Opinions, Column

Hooking Up Can Be Empowering, But Can Also Perpetuate Patriarchy

To hook up, in my opinion, is to have casual, one-time, no-strings-attached sex with someone who is basically a stranger. Our generation has normalized this interaction and has made it “cool” and feminist. And while these words may be accurate portrayals of some hookup cases, for others, the sexualization and objectification of fellow classmates and human beings should not always be described as “empowering.”

Some find hookup culture to be empowering because they believe it has ended slut-shaming and the double standard that exists around sexual freedom for men and women. They regard normalizing hookup culture as a way to normalize female sexuality. But hookup culture hasn’t had these effects in actuality. 

While some may be interested in a casual hookup, others may not be interested in that at all—but, as a result of hookup culture becoming the new norm, many feel hooking up is their only option. What was once sexual liberation for women and a win for feminism, in which women having casual sex was destigmatized, is now sexual license for men. Our support and encouragement of hookup culture can actually promote the patriarchy by telling women that   there is a greater expectation for them to have casual sex than to have a real relationship.

This idea of female sexual liberation is often associated with feminism. Men and women are equal if women are able to—like men have historically been—express their sexuality freely and openly. There is a flaw in this association. Not all women want to have casual, emotionless sex. Neither do all men. Associating one sexual preference with empowerment or a degree of feminism is just as bad as slut-shaming women for having sex.

No one cares whether a man has casual sex or not. What’s detrimental to feminism is that there is any shaming at all involved with a woman’s choice to have or not have sex. A culture of casual sex can sometimes prevent women from committed, loving relationship because that culture instead encourages us to just hook up. Just as slut-shaming is still a very real problem, to encourage a culture in which men may choose to have casual sex or not—whereas women are shamed for participating—is also anti-feminist. For society to judge any person’s choice of commitment or lack thereof is outdated and harmful to the feminist movement.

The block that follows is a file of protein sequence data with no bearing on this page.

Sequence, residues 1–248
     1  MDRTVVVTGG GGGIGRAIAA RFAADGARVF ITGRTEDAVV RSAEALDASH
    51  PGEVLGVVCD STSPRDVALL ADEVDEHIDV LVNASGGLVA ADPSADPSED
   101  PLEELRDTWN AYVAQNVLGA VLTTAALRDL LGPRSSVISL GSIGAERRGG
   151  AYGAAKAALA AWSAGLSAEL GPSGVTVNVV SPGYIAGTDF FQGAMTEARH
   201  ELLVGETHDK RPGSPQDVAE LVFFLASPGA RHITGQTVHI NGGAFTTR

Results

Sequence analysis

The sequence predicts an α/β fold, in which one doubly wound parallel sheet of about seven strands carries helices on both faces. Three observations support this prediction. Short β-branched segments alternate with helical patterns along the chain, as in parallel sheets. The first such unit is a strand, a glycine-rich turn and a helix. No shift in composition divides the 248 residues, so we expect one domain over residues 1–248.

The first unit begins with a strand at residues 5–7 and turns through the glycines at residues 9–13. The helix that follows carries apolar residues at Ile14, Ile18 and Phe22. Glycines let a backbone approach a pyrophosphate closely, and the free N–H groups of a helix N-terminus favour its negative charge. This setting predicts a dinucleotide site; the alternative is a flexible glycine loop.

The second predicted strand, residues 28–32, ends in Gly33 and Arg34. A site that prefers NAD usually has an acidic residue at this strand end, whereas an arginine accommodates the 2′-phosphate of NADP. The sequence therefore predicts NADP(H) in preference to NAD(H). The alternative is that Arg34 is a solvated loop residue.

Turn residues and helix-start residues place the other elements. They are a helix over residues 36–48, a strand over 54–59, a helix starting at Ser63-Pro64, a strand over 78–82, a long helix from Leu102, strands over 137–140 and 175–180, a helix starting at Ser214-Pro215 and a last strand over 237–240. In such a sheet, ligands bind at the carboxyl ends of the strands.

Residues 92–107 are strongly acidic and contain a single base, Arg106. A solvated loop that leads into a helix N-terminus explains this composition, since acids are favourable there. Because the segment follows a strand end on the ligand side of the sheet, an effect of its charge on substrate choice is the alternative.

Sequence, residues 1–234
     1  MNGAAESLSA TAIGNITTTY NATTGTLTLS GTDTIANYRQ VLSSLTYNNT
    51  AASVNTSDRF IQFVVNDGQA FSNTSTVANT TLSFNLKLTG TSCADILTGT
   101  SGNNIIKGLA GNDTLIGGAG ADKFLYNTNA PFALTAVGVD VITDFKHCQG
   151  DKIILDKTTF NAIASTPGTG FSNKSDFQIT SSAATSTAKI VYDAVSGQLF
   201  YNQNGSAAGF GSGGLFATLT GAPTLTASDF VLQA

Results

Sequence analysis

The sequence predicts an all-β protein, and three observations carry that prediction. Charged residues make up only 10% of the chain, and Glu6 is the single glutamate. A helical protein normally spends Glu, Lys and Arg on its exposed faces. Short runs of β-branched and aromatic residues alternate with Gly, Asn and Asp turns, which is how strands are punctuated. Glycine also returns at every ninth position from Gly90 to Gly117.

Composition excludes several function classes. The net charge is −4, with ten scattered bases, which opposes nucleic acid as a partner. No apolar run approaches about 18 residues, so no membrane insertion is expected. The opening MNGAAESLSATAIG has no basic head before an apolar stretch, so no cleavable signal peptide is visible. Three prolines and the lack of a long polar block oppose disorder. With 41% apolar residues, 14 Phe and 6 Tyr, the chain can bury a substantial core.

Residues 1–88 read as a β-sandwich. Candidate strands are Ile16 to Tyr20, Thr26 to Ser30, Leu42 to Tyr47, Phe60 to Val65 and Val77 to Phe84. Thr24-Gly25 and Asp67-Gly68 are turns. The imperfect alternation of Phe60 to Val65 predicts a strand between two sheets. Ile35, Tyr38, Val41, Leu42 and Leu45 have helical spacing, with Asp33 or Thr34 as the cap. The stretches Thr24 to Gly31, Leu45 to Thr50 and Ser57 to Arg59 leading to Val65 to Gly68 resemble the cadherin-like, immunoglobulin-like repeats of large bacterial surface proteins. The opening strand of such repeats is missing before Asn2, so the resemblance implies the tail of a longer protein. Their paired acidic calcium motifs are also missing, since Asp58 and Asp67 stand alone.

Hookup culture could also contribute to feelings of shame, emptiness, and insecurity,  particularly in situations where women feel like they weren’t ready to have sex. Every “normal” aspect of dating, such as going to see a movie or hanging out in someone’s room, can suddenly turn into an anxiety-filed analysis of whether the interaction is about sex or actually “chilling.” There is also this common misconception, perpetuated by romance novels and rom-coms, that if a woman sleeps with a man casually, it will eventually lead to a relationship. Worrying about what a text means, analyzing how much eye contact someone made, feeling insecure after he turned down your suggestion to get breakfast—these are not signs of empowerment.

Hookup culture itself is not unique to Boston College or even to our generation. The only difference between our generation and that of our parents is that, for us, hookups are not only normal but highly encouraged. We are told through TV shows, music, Instagram posts, and movies that happiness is achieved through lots of money, fame, and sex—no emotions, no drama, no connections. 

Casual hookups with strangers—emphasis on the stranger part—can ultimately leave people feeling empty on the inside. When someone you meet for the first time is more interested in hooking up with you than learning your last name, he or she is reducing both of you to flesh instead of treating you like people with souls that need to be cultivated. It’s ironic that such a situation could occur at a school that so heavily emphasizes the importance of finding yourself and pursuing a life of excellence. 

Professor Kerry Cronin, the woman behind the famous “dating assignment,” argues that going on a date is not about romance, but about courage. It is about having the courage to get to know someone on a personal level, to take the risk of putting yourself out there instead of resorting to the easy way out. It takes courage to have a relationship with someone. That same courage is not necessary for just a hookup. While it may be liberating for some, it can also make women feel as if they have to have sex, when really, women should be allowed to decide for themselves whether or not they want have sex.

October 28, 2019